Darren Rovell gets lapped
breaking down NASCAR Inc.

          Posted: Monday, July 13, 2009

Darren Rovell's NASCAR documentary, "Inside Track: Refueling the Business of NASCAR," fails to answer its most pressing question:

Why was this project done?

The purported hook is to examine how the sport will handle the decline, and perhaps future lack of participation, of GM and Chrysler.

But this topic is handled only in the middle of the program, and Rovell's treatment of this problem suggests it really doesn't matter. Old-school NASCAR writer Monte Dutton complains that nowadays, "the cars are generic," and the "terrible secret that no one wants to talk about is, is that the engines are a great deal alike."

Unlike Melissa Francis' recent documentary on the Kentucky Derby, which is broadcast by NBC, NASCAR is now primarily an ESPN/ABC operation, according to its TV schedule Web site.

So Rovell's goal figures to be tapping into that vast NASCAR audience, which is not necessarily the typical CNBC viewer.

Rovell disappointingly only wants to talk about NASCAR's present and future, not the past. The truth is that NASCAR did not explode into mainstream consciousness in the 1990s. It's long had an extremely devoted niche following that would've been larger long ago if it hadn't been, like several other major sports such as college basketball and the NCAA Tournament, under-exposed for so long.

In the '70s, auto racing was often relegated to "Wide World of Sports" type of weekend programming well before there was an ESPN. And to casual sports fans, Indycar racing was regarded as the elite sport and the Indy 500 as the gold standard. NASCAR, to many, was a "regional" thing, just as college basketball was once viewed as something best appreciated on Tobacco Road, in Lexington, in Indiana and perhaps Los Angeles. The most famous names in racing in the 1970s and early 1980s included Richard Petty but generally consisted of Indycar legends A.J. Foyt, Jackie Stewart, Mario Andretti, Rick Mears, Al and Bobby Unser and Johnny Rutherford.

Rovell misses a great business story here, how did NASCAR eventually conquer Indycar for the hearts and minds of the nation's racing fans. He doesn't get anywhere near this subject. Of course the CART/IRL split devastated Indycar's status, but NASCAR was gaining too quickly anyway. Many CART drivers were foreign and colorless. NASCAR drivers have always come across as regular down-to-earth people, a massive part of the circuit's appeal.

This being a program on a business network, it is made clear that NASCAR has long mastered the art of the sponsorship. Rovell points out how a steep payment to the Dale Earnhardt Jr. team by the sports drink Amp apparently paid off handsomely in market share. Rovell says it costs about $600,000 per car for each race, or a total $30 million per car for the whole season. It would be fascinating to include marketing experts such as former CNBC fixture Donny Deutsch to explain which companies benefit most from a NASCAR sponsorship and which are possibly tossing money away. (One guess: a new product probably benefits the most.)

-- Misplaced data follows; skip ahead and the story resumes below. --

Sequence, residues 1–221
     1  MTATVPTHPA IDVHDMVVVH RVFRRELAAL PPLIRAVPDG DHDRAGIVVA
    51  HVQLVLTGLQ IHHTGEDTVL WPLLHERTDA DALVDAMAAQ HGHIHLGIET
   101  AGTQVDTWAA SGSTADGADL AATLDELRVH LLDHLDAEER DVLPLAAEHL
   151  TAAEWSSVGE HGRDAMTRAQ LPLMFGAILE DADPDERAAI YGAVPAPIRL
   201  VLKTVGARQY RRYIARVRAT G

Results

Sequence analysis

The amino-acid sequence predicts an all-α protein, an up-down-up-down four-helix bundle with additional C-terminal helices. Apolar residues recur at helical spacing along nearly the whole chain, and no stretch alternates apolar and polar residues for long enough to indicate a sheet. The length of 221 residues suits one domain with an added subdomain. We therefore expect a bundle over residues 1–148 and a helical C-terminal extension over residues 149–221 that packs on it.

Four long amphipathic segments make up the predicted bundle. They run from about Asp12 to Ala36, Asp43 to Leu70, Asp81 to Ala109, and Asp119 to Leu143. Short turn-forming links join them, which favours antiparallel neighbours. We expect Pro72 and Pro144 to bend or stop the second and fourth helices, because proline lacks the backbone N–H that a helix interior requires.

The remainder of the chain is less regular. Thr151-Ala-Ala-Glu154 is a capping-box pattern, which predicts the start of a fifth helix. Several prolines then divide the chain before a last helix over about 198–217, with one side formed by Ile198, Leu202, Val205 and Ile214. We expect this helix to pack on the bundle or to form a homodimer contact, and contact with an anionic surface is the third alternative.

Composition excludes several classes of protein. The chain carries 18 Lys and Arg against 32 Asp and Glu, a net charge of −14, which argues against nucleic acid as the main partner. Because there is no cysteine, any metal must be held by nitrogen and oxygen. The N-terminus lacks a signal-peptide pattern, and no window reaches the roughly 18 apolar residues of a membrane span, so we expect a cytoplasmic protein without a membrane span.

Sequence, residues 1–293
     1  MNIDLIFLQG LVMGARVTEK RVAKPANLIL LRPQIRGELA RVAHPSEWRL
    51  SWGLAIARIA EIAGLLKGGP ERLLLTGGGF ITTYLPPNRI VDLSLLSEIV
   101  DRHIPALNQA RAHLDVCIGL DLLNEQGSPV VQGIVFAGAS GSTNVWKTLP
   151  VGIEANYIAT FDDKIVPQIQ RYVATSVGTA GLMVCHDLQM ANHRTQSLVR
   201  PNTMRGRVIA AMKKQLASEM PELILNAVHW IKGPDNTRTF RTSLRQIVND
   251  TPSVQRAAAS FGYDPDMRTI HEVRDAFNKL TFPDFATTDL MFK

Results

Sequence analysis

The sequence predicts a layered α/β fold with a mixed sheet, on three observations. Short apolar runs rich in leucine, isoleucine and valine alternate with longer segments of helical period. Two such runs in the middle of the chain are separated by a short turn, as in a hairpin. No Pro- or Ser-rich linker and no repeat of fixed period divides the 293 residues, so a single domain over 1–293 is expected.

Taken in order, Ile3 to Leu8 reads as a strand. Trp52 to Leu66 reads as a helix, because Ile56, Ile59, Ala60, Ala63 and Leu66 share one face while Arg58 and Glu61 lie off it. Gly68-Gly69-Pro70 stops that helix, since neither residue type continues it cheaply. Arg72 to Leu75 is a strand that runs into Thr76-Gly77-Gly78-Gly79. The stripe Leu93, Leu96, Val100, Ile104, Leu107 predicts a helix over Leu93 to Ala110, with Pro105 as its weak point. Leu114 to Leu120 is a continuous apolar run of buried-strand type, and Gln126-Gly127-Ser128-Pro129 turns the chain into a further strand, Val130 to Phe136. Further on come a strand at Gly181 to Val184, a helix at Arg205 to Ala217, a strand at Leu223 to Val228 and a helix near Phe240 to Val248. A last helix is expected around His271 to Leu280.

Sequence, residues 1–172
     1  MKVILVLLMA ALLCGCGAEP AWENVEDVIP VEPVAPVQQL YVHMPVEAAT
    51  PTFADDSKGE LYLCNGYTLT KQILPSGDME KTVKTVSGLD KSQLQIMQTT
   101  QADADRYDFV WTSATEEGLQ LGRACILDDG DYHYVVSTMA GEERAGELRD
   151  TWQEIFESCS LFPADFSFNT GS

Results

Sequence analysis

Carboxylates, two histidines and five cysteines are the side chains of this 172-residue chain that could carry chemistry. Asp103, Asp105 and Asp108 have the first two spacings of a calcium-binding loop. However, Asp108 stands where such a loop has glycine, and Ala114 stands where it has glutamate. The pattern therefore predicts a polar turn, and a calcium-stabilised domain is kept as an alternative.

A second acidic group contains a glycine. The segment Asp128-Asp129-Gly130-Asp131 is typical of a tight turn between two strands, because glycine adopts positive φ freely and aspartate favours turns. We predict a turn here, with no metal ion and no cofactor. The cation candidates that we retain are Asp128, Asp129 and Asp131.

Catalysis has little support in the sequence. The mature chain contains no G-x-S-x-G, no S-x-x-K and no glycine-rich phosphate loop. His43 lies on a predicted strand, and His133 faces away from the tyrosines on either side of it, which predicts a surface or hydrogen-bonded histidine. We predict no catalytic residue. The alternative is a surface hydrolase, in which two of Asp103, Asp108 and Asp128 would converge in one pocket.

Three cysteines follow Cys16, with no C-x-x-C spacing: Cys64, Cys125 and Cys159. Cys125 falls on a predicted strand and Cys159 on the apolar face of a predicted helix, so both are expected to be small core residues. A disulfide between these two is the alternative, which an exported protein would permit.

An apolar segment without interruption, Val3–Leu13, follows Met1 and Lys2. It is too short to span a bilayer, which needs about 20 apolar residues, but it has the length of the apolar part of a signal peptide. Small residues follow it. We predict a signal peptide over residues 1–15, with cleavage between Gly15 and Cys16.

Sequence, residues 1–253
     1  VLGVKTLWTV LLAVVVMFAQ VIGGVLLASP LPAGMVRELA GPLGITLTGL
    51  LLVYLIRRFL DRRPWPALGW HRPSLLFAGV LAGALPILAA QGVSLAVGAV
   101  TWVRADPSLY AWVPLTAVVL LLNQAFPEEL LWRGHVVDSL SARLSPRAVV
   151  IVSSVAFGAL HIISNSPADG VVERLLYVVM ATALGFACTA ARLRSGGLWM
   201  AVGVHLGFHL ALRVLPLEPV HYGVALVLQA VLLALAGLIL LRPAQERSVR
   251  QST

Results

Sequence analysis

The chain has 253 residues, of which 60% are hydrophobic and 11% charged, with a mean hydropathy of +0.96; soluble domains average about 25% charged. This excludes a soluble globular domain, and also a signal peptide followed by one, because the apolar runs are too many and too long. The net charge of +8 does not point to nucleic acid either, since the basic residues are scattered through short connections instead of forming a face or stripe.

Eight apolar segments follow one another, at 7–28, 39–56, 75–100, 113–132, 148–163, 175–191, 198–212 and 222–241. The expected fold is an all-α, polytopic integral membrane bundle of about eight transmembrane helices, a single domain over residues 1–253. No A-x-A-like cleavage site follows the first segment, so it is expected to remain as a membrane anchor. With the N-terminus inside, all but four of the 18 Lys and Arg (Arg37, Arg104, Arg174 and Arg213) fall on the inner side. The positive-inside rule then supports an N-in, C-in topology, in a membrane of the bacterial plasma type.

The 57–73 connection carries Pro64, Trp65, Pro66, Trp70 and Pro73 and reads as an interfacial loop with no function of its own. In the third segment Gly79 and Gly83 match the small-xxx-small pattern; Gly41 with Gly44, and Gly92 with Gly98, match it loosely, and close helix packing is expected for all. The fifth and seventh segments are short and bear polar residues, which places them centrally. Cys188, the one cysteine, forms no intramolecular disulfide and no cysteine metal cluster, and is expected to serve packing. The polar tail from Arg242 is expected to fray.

Rovell says the era of big sponsorship began in 1972 when STP paid Richard Petty $200,000 a year.

The track owners tell how Brian France, of the circuit's ruling France family, made them a unifying force in television negotiations. TV revenue is shared, 65% to the race promoter, 25% to the purse, and 10% to NASCAR.

Rovell says 7.8% of the fan base is African-American (Confederate flags were seen in at least one fan shot), and that, for climate-change discussion, the cars average about 5 mpg during the races.

Some skeptics will claim that auto racing is hardly a sport. The players aren't going to run and jump. What NASCAR fans do get is the rivalry, intensity, daring, temper, braggadocio and exhilaration of regular joes, a sports version of a Lynyrd Skynyrd concert. It's a massive success of the type of branding, going back to the days of Richard Petty and beyond, of regular, approachable people in a heavily competitive, festive atmosphere in which everyone can kick back and watch. Rovell gives people curious about NASCAR only a brief, albeit earnest, overview as to what it's all about. As a business documentary, it's barely more than a pit stop.

"Inside Track: Refueling the Business of NASCAR" (2009)

Featuring: Marcus Smith, Doc Mattioli, John Griswold, Brian France, Dave Finley, Richard Petty, Lauren Hobart, Kyle Busch, Carl Edwards, Al Johnson, Kari Taylor, Tony Stewart, Tom Murphy, Ed Peper, Brian Wolfe, Monte Dutton, Ed Laukes, Brett Frood, Bobby Hutchens, Steve Odlund, Julie Geary, Max Siegel, Mike Lynch, Dave Patey

Hosted by: Darren Rovell
Executive producer: Jeff Pohlman
Producer: Tom Rotunno
Editors: Nick Stantzos, Conrad deVroeg
Cameramen: Gerard Miller, Chris Balcom, Jerry Frasier
Audio engineer: Dave Grogan
Designer/animator: Michael Schwartz
Creative director: Victoria Todis
Marketing manager: Cydney Goldberg
PR director: Jennifer Dauble
Director post production: Vito Tattoli
Supervisor post production: Gina Saudino
Manager of production: Patrick Bucci
Managing editor: Tyler Mathisen
VP, strategic research, scheduling and long-form programming: Ray Borelli
Interns: Gina Brigante, Ellen Robinson

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